Link to the Google Doc: http://go.uky.edu/retooling
Link to download ePub: http://go.uky.edu/2GA
Link to download pdf: http://go.uky.edu/2GB
Hard copy available upon request (about $12).

If you want to know more about the process of doing this and why it is a great PBL for P-12 also, let me know. Happy to share.

Prichard Committee: Transforming School Climate & Culture

 The Prichard Committee is a wonderful mix of adults and kids as well as business and educators all representing a diverse set of Kentuckians. 

The Prichard Committee is a wonderful mix of adults and kids as well as business and educators all representing a diverse set of Kentuckians. 

At the recent annual meeting of the Prichard Committee for Academic Excellence in Kentucky the focus turned to transforming school climate and culture. This focus included a specific desired outcome of culture and climates which specifically promote equity of opportunities.  

Over the course of a day and a wonderful agenda, the Committee and guests heard from students, educators, national scholars, journalists, and a former U.S. Ambassador on strengthening school climate and culture. This focus transforming school climate and culture links to a recently adopted three-year strategic plan adopted at the meeting by the 100+ members of the Prichard Committee.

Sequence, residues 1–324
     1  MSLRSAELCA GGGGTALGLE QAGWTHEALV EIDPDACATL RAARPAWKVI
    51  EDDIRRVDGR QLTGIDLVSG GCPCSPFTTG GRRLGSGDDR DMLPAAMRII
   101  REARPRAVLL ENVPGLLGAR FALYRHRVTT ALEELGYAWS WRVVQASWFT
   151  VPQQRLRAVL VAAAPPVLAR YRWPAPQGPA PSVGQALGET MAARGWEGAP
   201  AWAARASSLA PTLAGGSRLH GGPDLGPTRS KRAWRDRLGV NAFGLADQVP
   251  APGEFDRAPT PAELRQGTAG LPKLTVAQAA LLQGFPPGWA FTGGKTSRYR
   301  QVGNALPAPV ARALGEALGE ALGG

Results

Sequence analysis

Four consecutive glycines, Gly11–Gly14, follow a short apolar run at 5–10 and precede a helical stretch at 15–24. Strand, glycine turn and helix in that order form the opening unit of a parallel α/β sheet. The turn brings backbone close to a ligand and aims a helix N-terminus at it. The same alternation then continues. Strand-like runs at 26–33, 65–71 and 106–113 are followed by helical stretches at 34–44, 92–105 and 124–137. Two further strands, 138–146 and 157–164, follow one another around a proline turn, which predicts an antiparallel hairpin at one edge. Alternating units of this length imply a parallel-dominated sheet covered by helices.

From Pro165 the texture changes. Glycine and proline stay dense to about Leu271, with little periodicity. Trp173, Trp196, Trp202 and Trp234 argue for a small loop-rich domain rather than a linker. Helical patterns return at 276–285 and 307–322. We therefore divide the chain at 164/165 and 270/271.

In an effort to translate this learning into specific recommendations for educators and, in particular, the leaders of schools the Prichard Committee and guests worked hard to identify specific suggestions across a variety of domains of climate and culture in schools. The attendees identified the following 11 domains of the challenge.

  1. More student autonomy/agency

  2. Teacher autonomy & agency

  3. Intentional communication with parents

  4. More authentic project based learning/projects

  5. Nurture and respect educational professionals

  6. Authentic/meaningful teacher administrator dialogue

  7. Collaborative community partnerships

  8. Equal academic/sports emphasis

  9. Equity of opportunity and inclusive excellence

  10. Engaging all students

  11. State accountability of climate